Episode 1: The Maelstrom Awaits
Timeline: Day 6 at 1500
Ekal stepped into sickbay like she was happy to be there. Time to test how comfortable she could be with another doctor who might hate her. She scanned the main area with all the beds before carefully aproaching the CMO's office.
"Excuse me, Ensign Dreisor here I have an appointment for my onboarding physical?" Her big dark eyes were as wide as she could get them, and her head was bowed a little in a submissive gesture.
Gaden sat a small kitbag down and scooted it under the desk a rather large one compared to many he had used in the past and less makeshift.
He'd just arrived on the ship an hour before with most of his belongings having arrived a day before. He would still have to unpack when he got a chance, but that could wait. He knew he had a slew of physicals to administer and he'd rather be working than unpacking any day.
"There's some one to see you, Terran brunette nurse said to him. But there's something you need to know."
"And what is that?" he asked the man.
"She's a Cardassian."
"She's still a patient, send her back," he said wearing a neutral expression. Inwardly he was now wishing he'd decided to unpack instead, but he was a professional and wasn't going to let anyone know what was going on inside his head.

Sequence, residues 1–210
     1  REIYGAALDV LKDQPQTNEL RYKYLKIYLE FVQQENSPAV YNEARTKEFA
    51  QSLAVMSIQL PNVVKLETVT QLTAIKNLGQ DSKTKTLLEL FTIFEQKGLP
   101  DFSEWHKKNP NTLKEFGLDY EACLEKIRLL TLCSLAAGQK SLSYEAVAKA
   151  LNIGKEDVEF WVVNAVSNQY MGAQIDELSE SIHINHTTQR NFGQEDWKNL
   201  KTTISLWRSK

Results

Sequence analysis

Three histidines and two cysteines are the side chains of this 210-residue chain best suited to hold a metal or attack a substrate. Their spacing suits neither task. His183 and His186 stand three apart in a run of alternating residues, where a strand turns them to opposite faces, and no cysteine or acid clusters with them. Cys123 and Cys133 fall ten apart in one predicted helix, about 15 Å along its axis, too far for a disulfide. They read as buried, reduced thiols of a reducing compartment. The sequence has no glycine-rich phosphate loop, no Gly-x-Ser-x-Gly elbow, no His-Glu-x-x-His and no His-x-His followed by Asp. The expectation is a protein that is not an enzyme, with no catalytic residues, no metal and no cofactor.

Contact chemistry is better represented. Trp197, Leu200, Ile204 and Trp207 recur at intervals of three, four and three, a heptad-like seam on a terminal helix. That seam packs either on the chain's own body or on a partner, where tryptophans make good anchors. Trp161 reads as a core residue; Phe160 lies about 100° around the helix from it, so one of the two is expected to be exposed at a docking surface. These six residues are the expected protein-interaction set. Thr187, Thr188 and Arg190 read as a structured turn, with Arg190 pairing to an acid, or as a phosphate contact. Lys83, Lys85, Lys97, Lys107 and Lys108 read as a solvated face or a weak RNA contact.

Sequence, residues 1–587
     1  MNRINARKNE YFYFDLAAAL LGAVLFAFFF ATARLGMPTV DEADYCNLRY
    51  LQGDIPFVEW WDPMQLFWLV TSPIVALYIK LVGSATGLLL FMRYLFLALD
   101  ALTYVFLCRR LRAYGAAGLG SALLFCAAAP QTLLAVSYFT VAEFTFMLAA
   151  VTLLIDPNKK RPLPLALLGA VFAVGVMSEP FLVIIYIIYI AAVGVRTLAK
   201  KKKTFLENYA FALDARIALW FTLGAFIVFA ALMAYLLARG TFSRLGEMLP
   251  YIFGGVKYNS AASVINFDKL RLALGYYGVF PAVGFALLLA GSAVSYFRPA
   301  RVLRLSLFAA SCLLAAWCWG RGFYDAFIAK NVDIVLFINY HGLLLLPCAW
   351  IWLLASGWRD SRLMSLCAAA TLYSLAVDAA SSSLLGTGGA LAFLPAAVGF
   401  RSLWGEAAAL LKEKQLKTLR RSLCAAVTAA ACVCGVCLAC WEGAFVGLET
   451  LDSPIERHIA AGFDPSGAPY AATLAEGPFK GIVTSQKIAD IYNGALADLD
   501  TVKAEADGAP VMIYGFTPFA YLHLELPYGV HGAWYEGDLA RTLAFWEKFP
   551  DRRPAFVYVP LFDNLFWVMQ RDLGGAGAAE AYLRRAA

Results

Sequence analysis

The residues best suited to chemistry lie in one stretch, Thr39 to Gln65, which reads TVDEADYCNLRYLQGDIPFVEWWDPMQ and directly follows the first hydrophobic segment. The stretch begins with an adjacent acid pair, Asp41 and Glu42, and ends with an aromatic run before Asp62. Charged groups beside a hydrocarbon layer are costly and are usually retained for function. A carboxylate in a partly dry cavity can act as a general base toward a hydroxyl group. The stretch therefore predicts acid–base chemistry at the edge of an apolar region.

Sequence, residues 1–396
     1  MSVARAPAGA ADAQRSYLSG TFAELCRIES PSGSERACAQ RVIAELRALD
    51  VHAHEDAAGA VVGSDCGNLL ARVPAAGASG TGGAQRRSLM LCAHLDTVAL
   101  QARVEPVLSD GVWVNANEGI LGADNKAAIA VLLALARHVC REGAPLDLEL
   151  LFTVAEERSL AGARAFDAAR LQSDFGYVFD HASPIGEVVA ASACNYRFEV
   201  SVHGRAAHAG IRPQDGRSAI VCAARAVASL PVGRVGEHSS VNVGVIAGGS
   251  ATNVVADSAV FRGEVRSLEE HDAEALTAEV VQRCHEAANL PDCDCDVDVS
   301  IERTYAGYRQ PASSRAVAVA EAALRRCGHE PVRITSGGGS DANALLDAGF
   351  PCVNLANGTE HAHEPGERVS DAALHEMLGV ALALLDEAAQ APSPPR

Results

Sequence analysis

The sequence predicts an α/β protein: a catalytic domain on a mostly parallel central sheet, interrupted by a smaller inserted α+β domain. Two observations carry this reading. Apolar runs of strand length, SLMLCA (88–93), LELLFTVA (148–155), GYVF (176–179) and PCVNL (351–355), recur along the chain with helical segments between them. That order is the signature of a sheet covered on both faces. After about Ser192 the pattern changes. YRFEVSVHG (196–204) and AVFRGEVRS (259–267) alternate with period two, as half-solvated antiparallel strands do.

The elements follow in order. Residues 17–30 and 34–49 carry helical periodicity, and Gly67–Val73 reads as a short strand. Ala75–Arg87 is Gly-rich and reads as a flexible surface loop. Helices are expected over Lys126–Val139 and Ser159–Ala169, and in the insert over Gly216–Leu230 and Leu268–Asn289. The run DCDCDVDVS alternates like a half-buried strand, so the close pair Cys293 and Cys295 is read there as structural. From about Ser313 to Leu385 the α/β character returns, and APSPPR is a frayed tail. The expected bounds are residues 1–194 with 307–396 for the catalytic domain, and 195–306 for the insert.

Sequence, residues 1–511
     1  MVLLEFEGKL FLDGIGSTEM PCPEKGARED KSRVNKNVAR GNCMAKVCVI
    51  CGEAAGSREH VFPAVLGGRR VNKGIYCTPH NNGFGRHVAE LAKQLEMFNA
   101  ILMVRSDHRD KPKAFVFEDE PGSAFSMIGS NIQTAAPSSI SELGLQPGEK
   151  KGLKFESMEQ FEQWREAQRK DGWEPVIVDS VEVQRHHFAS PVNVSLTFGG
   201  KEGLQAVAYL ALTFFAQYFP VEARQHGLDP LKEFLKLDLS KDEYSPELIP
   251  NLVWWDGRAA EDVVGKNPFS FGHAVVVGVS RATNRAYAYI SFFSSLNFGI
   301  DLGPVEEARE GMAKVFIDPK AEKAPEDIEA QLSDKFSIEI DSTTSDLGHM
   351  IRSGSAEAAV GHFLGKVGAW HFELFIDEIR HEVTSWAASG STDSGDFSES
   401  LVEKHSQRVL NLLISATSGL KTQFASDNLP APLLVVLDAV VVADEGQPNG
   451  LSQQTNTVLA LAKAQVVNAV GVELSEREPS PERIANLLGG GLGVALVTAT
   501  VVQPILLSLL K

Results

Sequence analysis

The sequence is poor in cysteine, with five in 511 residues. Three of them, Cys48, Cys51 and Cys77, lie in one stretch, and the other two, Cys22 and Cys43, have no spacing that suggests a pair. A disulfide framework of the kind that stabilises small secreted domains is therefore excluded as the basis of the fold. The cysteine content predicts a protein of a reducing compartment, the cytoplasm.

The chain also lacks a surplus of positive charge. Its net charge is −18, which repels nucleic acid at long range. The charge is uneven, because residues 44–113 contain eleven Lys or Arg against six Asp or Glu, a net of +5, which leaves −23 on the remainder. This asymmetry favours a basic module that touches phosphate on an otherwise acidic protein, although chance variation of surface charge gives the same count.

The nurse, whose name was Kyle, walked back up to the Cardassian woman.
"The doctor will see you now. Uh, he's Bajoran. Just so you know."
"Thank you, I know." She took another grounding breath before dropping her smile to a perfectly neutral expression.
Ekal had no clue what she was going to be getting into back there, but if her interactions with Bajorans and doctors held any merit, she was not going to be having a pleasant experience.
Ekal walked lightly as she stepped into the back, but knocked to alert him of her arrival. Last thing she wanted was a scared Bajoran doctor on her hands. She was small and skinny for a Cardassian, and she used that to her advantage. Head bowed slightly, eyes wide. She maintained an expression of polite curiosity.